Q&A With May HALO Effect Honoree Eve Nerima
Eve Nerima is an 18-year-old high school student with a unique vision and unrelenting commitment to helping others. Originally from Kenya but currently residing in Texas, our HALO Effect honoree for the month of May has drawn on her own personal experiences to not only build compassion for those less fortunate, but help them build better lives. As the chapter president of the Junior World Affairs Council (JWAC) of Dallas/Forth Worth, Eve has devoted her time and energy to raising awareness for children's causes around the globe. From organizing food and clothing drives to holding marathons and other fundraisers, she is a fearless agent of change.
Check out Eve's full bio here and check out our exclusive Q&A below to learn more about all of her amazing work!
Congratulations on your HALO Effect award! Can you give us a little background on what Save the Children's Junior World Affair Council (JWAC) does? How does it differ from the larger Save the Children organization?
Save the Children's Junior World Affairs Council is part of the larger World Affairs Council that has over 45 similar organizations in the Dallas/Forth Worth area. JWAC, as we locally call it, is purposed to help my fellow high school students gain insight, understanding, and information to keep abreast of international affairs. We participate in international community service projects like the Save the Children Marathon Run as well as host Cultural Corners that enable high school students gain insight into the day-to-day life of someone living in another country.
What is one of the most meaningful projects you've completed with Save the Children's JWAC?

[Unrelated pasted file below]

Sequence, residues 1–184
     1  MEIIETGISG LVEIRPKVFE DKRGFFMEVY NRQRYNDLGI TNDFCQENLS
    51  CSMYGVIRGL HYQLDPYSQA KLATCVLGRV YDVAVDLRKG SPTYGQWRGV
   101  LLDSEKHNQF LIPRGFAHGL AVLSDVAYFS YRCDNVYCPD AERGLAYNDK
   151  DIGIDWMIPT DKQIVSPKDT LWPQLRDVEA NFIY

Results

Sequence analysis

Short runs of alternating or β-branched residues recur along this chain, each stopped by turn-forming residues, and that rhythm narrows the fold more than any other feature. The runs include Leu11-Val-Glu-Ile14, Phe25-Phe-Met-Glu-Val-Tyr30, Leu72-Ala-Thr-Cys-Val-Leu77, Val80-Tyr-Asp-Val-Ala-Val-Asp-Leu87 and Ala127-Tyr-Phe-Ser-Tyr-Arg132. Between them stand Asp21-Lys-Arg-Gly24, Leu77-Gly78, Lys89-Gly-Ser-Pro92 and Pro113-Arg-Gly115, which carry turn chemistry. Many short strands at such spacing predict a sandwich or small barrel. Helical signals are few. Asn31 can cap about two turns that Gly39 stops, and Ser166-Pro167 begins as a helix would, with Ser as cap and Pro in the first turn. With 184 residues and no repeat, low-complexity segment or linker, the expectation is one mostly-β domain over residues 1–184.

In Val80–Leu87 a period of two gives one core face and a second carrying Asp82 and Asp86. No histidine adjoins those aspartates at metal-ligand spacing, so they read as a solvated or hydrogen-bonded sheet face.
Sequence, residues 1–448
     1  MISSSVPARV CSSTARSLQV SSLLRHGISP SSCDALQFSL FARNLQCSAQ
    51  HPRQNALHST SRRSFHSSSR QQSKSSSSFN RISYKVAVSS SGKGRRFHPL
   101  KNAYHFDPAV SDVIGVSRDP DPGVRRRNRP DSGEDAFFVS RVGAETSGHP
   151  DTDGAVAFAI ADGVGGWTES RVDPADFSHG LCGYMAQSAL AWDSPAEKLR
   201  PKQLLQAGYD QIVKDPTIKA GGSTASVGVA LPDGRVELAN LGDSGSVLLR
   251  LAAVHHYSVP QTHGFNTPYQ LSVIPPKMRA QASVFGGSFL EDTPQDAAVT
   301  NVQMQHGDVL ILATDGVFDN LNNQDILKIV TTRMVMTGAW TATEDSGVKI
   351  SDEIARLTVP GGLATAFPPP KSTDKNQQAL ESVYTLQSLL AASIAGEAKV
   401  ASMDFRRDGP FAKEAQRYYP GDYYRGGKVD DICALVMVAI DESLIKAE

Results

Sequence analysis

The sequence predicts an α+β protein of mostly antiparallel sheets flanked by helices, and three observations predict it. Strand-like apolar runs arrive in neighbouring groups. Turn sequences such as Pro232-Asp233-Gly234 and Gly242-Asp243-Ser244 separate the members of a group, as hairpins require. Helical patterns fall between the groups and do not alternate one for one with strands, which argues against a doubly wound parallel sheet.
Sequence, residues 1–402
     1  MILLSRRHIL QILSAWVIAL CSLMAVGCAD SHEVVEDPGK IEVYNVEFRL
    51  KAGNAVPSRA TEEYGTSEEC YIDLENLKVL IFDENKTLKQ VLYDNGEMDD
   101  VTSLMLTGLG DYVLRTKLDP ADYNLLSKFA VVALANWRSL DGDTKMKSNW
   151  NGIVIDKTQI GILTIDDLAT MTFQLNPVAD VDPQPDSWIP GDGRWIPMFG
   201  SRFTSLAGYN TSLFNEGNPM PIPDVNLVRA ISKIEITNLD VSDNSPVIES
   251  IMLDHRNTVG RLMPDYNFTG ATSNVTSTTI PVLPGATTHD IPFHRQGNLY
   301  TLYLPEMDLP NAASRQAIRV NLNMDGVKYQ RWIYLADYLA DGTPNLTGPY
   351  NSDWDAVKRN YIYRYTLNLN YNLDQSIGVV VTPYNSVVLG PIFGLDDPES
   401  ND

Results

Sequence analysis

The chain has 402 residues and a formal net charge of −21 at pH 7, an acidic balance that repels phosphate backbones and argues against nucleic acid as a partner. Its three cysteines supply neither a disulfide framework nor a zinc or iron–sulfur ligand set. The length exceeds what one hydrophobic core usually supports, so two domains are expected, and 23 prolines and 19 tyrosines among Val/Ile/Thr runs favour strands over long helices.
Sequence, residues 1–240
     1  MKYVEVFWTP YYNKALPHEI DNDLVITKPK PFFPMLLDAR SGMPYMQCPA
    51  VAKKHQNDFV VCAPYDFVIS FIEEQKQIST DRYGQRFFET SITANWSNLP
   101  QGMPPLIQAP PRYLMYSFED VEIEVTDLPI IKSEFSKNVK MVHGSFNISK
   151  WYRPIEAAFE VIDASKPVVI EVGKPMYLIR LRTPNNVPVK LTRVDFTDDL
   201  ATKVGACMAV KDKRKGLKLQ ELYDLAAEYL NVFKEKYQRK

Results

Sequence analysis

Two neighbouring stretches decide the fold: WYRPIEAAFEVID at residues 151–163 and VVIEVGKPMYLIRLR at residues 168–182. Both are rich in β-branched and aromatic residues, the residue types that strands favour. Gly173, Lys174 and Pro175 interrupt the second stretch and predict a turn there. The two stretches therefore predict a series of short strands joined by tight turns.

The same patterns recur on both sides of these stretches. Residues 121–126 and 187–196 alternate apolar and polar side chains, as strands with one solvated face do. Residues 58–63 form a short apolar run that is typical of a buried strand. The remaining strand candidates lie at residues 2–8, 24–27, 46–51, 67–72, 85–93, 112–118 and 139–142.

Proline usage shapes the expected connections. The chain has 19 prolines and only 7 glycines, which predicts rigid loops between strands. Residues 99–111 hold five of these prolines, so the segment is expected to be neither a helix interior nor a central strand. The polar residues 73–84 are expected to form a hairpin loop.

The most meaningful project that I have been fortunate to complete with JWAC would be the Save the Children Marathon Run that was on October 19th, 2013. This run brought together students from both sides of our friendly high school rivalry in an effort to raise money to help kids survive, thrive and save lives in the hope of a better future. In collaboration with Save Children, our teams and other teams in the United States and around the world raised a total of $92,512. The money that we helped raise continues to help over 74 million children who benefit from programs organized by Save the Children here in the U.S., as well as around the world.
From your experiences living in Kenya, you've witnessed firsthand how many children are in need of help. How can other young people become educated on the world issues that may not affect their daily lives?
Over the short course of my life, I have found that information destroys ignorance. My experiences while living in Kenya act as a torch to educate people about the need to be thankful for the small luxuries that we are fortunate to have. Most of my peers aren't able to connect to other worldly issues since they are stuck in their own bubble, but through sharing our experiences, we all become knowledgeable of our surroundings.
Can you describe some of your responsibilities as president of JWAC? What a huge accomplishment how did your involvement in the organization lead to holding such an important position?
As President of JWAC I am responsible for organizing community service projects such as the Save the Children Marathon Run and Kiva Loans project and supervising the Cultural Corner presentations. Being President takes so much more than the simple task of overseeing projects. JWAC members would look up to me for leadership and guidance. My experiences made me a role model to them and even though most people would run from such a high pedestal, I knew I had to step up.
If someone wanted to become involved with Save the Children, where should he/she begin?
If someone wanted to get involved with Save the Children, I would advise them to start at their school or community. As long as you're passionate about a cause, anything is achievable. I would also advise them to get in contact with Frances Moore, the Fundraising Manager of Schools & Community Organizations. Any leader needs a strong confidant and she happened to be mine.